Symptoms your dog may experience if they have (or have had) fleas can include:
- Itching and scratching
- Hair loss
- Scabs or red patches, especially on the belly, groin, or base of the tail
Skin rash from fleas
Some dogs get a skin rash from fleas because they are allergic to the saliva that is injected when the flea bites. This is known as flea allergy dermatitis. A flea rash on your dog’s belly, groin or base of tail is a typical sign of a flea allergy.
It’s important to keep your dog protected from fleas by administering an effective flea control product like NexGard® for Dogs or NexGard SPECTRA® for Dogs®. If you notice a rash it is best to consult with you vet as there are many causes of skin disease in dogs.
How to check for fleas on dogs
If you own a dog, it’s important to learn how to spot fleas. You can try parting your dog’s hair and looking for the small insects moving through the coat. While it’s important to look for adult fleas when you check your dog, you should also check for signs of fleas, like flea dirt. If you’re checking your dog and you notice scabs, areas with hair loss or a rash, it may be a sign of fleas. Always consult with your vet if your dog develops skin problems.
Find out more about fleas and flea treatments for dogs.
1. How do I make my home flea-free?
It’s important to use a product that is highly effective at killing fleas on your dog. NexGard for Dogs and NexGard SPECTRA for Dogs kill fleas rapidly before they lay eggs, thereby preventing further infestation of the environment. If a moderate to heavy environmental infestation exists, fleas can continue to emerge into the surroundings for weeks to months because of the continuing development of flea eggs, larvae and pupae already present at the time of treatment, a phenomenon known as 're-emergence'. It may therefore take more than one monthly treatment to achieve control of moderate to heavy flea infestations. In areas where fleas are common year-round, monthly treatment with either NexGard for Dogs or NexGard SPECTRA for Dogs should continue throughout the year without interruption. To minimise the likelihood of flea re-infestation, it is important to treat all animals within a household with a registered flea control product.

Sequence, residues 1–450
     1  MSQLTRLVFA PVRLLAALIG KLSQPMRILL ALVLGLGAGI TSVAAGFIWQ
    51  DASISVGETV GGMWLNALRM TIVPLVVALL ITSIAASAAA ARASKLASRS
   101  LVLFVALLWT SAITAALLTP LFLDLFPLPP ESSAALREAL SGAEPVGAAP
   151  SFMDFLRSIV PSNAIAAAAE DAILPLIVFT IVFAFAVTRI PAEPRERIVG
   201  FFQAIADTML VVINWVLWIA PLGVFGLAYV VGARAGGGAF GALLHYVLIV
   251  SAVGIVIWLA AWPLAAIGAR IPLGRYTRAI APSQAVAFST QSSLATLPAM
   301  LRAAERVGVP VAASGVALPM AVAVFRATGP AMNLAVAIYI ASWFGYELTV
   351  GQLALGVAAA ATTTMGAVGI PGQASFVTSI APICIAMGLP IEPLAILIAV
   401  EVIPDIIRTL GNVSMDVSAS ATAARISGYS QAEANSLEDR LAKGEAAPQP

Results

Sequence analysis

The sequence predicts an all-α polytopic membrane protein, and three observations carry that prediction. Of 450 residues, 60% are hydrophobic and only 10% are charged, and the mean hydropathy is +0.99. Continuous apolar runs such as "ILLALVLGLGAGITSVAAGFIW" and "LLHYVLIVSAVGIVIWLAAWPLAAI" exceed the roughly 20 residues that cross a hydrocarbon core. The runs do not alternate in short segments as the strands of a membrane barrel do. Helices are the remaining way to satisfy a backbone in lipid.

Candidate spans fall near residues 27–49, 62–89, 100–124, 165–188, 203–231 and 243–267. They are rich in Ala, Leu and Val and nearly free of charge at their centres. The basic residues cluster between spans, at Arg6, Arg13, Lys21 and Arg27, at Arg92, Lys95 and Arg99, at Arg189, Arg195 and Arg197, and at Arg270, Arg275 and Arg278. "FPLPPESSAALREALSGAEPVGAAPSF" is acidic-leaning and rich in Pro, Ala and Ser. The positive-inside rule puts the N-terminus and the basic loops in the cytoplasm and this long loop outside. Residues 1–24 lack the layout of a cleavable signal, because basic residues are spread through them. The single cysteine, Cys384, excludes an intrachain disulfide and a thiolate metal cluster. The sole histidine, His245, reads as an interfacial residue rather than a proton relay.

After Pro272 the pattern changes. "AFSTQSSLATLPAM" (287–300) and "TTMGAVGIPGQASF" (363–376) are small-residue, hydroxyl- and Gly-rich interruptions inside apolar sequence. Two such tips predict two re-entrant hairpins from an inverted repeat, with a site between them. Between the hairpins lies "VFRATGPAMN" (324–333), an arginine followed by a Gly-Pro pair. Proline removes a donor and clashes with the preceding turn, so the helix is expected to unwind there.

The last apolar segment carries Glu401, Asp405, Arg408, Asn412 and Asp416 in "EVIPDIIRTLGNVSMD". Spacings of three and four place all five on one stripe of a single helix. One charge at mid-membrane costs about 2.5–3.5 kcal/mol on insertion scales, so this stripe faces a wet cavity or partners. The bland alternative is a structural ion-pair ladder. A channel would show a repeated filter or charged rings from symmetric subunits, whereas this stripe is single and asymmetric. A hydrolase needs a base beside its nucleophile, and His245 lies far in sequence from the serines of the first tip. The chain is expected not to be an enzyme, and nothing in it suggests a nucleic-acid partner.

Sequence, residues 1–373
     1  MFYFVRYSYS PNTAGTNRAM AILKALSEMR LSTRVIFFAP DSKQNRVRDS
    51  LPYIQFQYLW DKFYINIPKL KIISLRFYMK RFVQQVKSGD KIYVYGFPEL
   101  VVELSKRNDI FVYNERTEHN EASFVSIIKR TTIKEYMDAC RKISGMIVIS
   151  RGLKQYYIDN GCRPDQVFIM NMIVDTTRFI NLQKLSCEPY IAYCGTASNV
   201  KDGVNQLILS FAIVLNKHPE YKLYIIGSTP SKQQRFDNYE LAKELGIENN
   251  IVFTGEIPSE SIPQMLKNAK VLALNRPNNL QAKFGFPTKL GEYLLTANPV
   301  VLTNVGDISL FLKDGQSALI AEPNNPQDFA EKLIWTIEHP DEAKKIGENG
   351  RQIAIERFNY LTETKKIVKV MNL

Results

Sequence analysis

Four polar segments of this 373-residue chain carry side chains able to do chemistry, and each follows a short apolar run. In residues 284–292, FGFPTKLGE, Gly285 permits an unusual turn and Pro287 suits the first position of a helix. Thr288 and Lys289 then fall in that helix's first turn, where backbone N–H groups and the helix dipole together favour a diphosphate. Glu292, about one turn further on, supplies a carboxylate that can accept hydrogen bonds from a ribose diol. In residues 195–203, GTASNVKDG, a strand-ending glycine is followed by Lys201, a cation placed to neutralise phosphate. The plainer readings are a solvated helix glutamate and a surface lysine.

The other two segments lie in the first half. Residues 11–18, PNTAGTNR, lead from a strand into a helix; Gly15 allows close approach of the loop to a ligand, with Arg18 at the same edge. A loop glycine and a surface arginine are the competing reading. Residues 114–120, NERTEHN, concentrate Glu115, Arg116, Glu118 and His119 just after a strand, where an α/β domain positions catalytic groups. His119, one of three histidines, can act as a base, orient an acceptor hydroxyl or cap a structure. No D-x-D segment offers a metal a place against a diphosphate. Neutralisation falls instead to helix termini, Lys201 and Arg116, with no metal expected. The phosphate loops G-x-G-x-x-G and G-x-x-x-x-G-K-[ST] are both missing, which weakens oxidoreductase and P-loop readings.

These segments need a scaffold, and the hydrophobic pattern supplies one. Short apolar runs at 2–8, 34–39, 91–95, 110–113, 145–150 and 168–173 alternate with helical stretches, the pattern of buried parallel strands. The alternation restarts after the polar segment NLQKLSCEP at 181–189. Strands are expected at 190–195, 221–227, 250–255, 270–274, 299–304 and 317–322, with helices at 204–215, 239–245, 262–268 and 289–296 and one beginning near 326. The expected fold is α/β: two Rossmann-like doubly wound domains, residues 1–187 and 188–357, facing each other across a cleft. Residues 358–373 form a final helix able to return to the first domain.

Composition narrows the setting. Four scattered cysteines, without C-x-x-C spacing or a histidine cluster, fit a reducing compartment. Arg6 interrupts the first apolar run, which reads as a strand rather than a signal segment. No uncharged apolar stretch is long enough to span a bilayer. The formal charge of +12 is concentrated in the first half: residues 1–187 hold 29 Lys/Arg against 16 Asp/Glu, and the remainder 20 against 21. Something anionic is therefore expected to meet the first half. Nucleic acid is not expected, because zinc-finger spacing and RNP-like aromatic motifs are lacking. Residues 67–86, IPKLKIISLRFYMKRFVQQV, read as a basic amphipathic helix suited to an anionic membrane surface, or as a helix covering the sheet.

2. Can I get fleas from my dog?
While fleas on dogs prefer their canine hosts and are not likely to remain on your skin, if you have a heavy household infestation it is very likely that you and your family will get bitten. However, while fleas can bite humans, you are not what they are really looking for. Fleas are not likely to live on you in the way they live on your dog. They may however transmit diseases to humans, such as flea-borne spotted fever – yet another reason to make sure you maintain good flea control for your dog.
3. How do I get rid of fleas on my dog?
NexGard for Dogs and NexGard SPECTRA for Dogs kill fleas within 6-8 hours of product administration. The rapid speed of action means adult fleas are killed before they can lay eggs, helping to prevent ongoing infestation of the environment. Regular monthly treatment is recommended to keep your pet and home flea free.